I beg to differ.  It does not always hurt, especially if you have good reinvestment mechanisms.

Now don't get me wrong, I'd rather have some prepayments than nonpayments!

Yes, me too ;-)

AnilG

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Re: Account reaches it's first birthday with a 9% Fully Paid status
« Reply #22 on: July 30, 2014, 09:16:38 PM »
I will leave this here.  :P

Early Repayment of Loans and Impact on Lenders' Yield at Lending Club
Posted by Anil Gupta | 28 Apr 2014 00:00:53 | Category: Lending Club

https://www.peercube.com/blog/post/19
---
Anil Gupta
PeerCube Thoughts blog https://www.peercube.com/blog
PeerCube https://www.peercube.com

BruiserB

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Account reaches it's first birthday with a 9% Fully Paid status
« Reply #23 on: July 30, 2014, 09:21:21 PM »

Yes, but prepayment always hurts.

I beg to differ.  It does not always hurt, especially if you have good reinvestment mechanisms.

Now don't get me wrong, I'd rather have some prepayments than nonpayments!

Yes, me too ;-)

The sooner you are paid back, the sooner you give Lending Club 1% of your principal.  If you get paid back and then re-lend the money then you begin paying Lending Club 1% of the same principal again.  The least effect of Lending Club's fee is on the longest term loan paid back as scheduled (not early).

Fred

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Re: Account reaches it's first birthday with a 9% Fully Paid status
« Reply #24 on: July 30, 2014, 09:32:55 PM »
The sooner you are paid back, the sooner you give Lending Club 1% of your principal.  If you get paid back and then re-lend the money then you begin paying Lending Club 1% of the same principal again.  The least effect of Lending Club's fee is on the longest term loan paid back as scheduled (not early).

I think you are missing my point here.

When you chart the amortization schedule (payment, principal, interest), you will notice that the interest is monotonically descending until reaching zero at maturity.

When the loan is prepaid, and reinvested, and prepaid, and reinvested, etc., the interest will look a sawtooth wave.

If you measure the area under the interest curves -- i.e., total interests earned -- it will be greater on the second case.

Fred93

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Re: Account reaches it's first birthday with a 9% Fully Paid status
« Reply #25 on: July 30, 2014, 09:35:41 PM »
Oh yes it does.  Your total RETURN, which is all that matters, is lower when loans prepay.

On the loan-basis, yes; however, on the portfolio-basis (assuming you re-invest the prepayment), I think your portfolio will get the benefits.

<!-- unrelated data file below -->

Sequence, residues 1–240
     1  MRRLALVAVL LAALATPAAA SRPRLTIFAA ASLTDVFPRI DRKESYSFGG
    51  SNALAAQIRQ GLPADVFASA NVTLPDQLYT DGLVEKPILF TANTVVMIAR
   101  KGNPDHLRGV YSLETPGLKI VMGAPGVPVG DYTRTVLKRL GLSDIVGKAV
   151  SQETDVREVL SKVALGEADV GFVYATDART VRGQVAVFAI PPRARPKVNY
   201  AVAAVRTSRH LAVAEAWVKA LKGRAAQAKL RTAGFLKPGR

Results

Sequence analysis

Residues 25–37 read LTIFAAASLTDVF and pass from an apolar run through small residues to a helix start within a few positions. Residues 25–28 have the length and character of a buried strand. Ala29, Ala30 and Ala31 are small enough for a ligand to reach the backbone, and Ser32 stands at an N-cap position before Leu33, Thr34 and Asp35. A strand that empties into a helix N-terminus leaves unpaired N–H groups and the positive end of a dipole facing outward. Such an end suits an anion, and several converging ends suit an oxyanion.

Nope.  Your whole portfolio will have a lower return when loans pay early.  The math is really pretty simple.

Not that there's anything you can do about it.  Prepayments apparently come with the territory.

Fred

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Re: Account reaches it's first birthday with a 9% Fully Paid status
« Reply #26 on: July 30, 2014, 09:49:59 PM »
Nope.  Your whole portfolio will have a lower return when loans pay early.  The math is really pretty simple.

Care to elaborate?

Fred93

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Re: Account reaches it's first birthday with a 9% Fully Paid status
« Reply #27 on: July 30, 2014, 10:24:59 PM »
Care to elaborate?

It is difficult to know what to elaborate.   Assuming we have the same interest rates and defaults, then he who pays lower fees has a higher return.

The lender who has more prepayments pays more fees.

Randawl

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Re: Account reaches it's first birthday with a 9% Fully Paid status
« Reply #28 on: July 30, 2014, 10:45:32 PM »
Folks, what really matters is the timing in which the prepayment occurs.  I was about to link to Anil's blog, but he beat me to it.

Fred

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Re: Account reaches it's first birthday with a 9% Fully Paid status
« Reply #29 on: July 30, 2014, 10:47:13 PM »
Nope.  Your whole portfolio will have a lower return when loans pay early.  The math is really pretty simple.

Care to elaborate?

It is difficult to know what to elaborate.

The math, please.  ;)